You come to Romania often. What do you think about of our local cultural environment?

    There are parts of the scene that are directly linked to the international context. There are many great initiatives in Romania: you have the Tranzit network, MNAC, several nonprofit and commercial galleries for example. Thinking generally, there are always several elements: the institutional framework, galleries, theory, art criticism. The overall is stronger if all these elements are synchronized. But, here, as in the wider geographical region, I think there is a general issue. There are producers who do a great work within their own frameworks, sometimes linked to the international public, sometimes not, but there are no or insufficient elements connecting these parts. And these connections make the scene stronger and more referential.


    Does your work improve contemporary art in Romania?

    It is part of a puzzle. Coming from the outside and doing one show cannot improve things – this kind of engagement should be continuous.  But I have been working with this gallery which has this interest of making a cultural contribution. There are no fast solutions, you need time and my long-term collaboration and Eastwards Prospectus might contribute to a small puzzle of the whole idea. Puzzle in the gallery and gallery in the whole environment. Romanian art landscape is big – you have Bucharest, Cluj, Iași, Timisoara, so it is also a question of synchronization and exchange of interests. It would be a mistake for me to judge the exchange between the art centers, but one big question is definitely this: how is the exchange within the country organized? We have to take into consideration cultural policies, funding strategies, and nonprofit initiatives. This is the basis on which you can then build an international strategy.


    How can we measure the capacity of a country to understand contemporary art? Which are the right signals?

    For me, the most important thing is to measure quality. Here, in the Romanian context, you have a strong tradition in avant-garde, you have artists who have an international presence in important galleries. In that framework, I can definitely say that Romania is an important player. But these measurements are different. If you compare it to Western Europe, we have a different level of relations. Does it mean that artists are present in important art biennials? Does it mean it sells well? Does it mean it has a certain percentage of people working for important institutions, biennials, museums or big commercial galleries that are considered “decision makers”? It is hard to say because for me quality is more important than these measurements. I don’t like to measure success through labels. I think artists are relevant because of this: they break borders and bridges. Art is universal.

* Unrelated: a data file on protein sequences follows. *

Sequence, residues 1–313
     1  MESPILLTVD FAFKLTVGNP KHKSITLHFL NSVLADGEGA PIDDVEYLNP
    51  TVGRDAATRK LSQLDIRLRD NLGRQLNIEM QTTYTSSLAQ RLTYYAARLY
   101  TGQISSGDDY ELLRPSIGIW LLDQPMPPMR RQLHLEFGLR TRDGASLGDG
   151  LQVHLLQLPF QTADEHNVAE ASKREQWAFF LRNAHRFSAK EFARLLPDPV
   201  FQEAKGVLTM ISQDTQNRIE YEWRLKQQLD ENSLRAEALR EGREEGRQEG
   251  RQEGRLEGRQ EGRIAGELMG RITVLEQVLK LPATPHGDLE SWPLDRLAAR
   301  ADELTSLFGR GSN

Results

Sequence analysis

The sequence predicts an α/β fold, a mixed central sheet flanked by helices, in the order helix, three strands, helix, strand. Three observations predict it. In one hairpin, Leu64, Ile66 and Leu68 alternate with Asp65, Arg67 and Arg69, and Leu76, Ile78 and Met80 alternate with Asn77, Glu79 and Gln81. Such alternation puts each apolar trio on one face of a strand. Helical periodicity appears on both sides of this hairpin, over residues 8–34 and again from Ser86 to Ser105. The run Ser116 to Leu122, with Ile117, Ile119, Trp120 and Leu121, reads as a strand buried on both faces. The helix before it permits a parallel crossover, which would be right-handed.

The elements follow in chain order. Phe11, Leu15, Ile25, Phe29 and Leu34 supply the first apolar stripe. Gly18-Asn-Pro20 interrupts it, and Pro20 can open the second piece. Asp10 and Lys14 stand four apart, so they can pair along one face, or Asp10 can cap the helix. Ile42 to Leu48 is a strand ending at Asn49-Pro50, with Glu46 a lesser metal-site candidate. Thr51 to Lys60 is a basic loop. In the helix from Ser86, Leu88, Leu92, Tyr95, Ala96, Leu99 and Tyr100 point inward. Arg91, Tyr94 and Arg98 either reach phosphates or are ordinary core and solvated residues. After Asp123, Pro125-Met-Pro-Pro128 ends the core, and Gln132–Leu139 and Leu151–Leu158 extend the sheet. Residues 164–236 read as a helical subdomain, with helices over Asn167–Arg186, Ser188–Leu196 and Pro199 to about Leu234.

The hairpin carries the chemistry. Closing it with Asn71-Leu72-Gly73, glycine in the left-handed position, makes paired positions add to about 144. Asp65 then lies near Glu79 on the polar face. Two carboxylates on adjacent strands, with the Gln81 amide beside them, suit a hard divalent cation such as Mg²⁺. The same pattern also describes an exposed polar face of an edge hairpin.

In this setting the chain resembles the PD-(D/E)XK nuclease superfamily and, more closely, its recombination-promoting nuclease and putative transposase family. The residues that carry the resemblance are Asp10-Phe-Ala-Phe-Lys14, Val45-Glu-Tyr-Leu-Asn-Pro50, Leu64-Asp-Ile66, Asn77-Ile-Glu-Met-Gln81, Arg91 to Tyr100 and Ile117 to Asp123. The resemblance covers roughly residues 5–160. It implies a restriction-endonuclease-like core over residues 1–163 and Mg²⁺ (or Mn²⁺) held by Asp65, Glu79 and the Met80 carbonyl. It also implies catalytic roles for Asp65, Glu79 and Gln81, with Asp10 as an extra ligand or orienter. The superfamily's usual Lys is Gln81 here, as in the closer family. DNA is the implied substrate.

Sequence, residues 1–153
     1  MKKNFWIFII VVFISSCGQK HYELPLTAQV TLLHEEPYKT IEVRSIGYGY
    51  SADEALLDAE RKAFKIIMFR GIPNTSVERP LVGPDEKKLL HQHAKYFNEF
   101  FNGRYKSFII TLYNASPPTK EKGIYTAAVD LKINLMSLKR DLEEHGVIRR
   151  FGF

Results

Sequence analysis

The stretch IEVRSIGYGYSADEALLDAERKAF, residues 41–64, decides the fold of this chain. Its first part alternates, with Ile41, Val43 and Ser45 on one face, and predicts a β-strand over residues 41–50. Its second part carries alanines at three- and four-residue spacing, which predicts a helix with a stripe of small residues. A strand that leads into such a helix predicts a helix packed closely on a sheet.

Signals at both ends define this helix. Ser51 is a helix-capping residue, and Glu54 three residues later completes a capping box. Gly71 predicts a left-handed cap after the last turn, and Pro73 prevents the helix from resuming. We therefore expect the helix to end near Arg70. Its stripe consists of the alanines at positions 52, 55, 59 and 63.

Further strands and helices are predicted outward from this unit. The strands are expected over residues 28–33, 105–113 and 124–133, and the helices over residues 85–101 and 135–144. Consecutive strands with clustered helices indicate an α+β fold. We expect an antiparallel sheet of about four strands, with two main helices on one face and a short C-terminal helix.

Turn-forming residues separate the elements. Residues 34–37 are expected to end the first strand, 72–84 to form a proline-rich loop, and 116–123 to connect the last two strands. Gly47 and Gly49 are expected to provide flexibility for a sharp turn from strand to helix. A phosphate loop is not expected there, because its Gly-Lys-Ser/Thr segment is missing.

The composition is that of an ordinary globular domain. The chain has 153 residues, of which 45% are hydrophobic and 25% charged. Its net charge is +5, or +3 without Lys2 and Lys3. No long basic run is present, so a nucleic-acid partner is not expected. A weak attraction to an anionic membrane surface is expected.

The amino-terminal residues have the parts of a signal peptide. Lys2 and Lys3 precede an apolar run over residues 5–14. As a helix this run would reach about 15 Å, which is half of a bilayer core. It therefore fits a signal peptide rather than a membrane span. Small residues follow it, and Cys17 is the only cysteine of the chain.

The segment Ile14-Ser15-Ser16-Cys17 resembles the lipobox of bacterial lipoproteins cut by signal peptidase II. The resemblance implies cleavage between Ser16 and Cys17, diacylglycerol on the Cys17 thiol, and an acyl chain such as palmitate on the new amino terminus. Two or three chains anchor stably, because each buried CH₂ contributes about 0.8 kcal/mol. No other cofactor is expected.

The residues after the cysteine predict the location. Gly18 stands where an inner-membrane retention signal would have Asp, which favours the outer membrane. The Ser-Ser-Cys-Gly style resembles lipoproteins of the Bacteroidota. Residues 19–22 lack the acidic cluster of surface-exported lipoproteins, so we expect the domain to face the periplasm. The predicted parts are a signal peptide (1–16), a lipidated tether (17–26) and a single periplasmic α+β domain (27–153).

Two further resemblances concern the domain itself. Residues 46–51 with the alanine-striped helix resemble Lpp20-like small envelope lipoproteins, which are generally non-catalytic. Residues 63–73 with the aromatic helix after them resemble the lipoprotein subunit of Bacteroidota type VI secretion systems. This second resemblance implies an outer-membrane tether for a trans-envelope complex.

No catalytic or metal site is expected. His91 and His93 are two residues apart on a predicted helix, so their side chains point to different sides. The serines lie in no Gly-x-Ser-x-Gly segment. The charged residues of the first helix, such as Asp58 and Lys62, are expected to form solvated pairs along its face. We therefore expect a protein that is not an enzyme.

3 words to describe the exhibition?

    Artist, surrounding and poetics.


    Groupe Renault is an automotive company. When we drive, we can get fines. Is art dangerous? Does it make us more vulnerable?

    From my personal perspective, being vulnerable is not bad or dangerous. In these times, when we are bombarded with information, with wars breaking out every day, immigration expansion, we shouldn’t forget the fragile elements of our lives. We need emotions, feelings, compassion. Sometimes people are really alienated, they cannot communicate on an emotional level. Art in the context of a social and political narrative is limited because it is happening in closed environments and in order to bring about change it is important to reach an ever-wider audience. This is one of the ways to do it - you transform something that is not limited only to the discourse of contemporary art, and it becomes an experience that we all have: the expression of pain, death, love, friendship, sexual identity, political engagement. The potential of art is to cross all these elements. Art (contemporary art, music, literature, film etc.) is a reminder of all the things we forgot about. I understand art in the sense of Radicality of Love, written by Srećko Horvat, where the writer talks about the important revolutions that happened in the 20th century.  The Croatian philosopher Srecko Horvat gives a possible answer to the question of why is it that the most radical revolutionaries like Lenin or Che feared the radicality of love. What is so radical about the seemingly conservative notion of love and why is it anything but conservative? If you want to raise a voice in society, you need to discuss the most intimate relations as well. Art can help discuss the most intimate relations between people and this can contribute to the social and political panorama.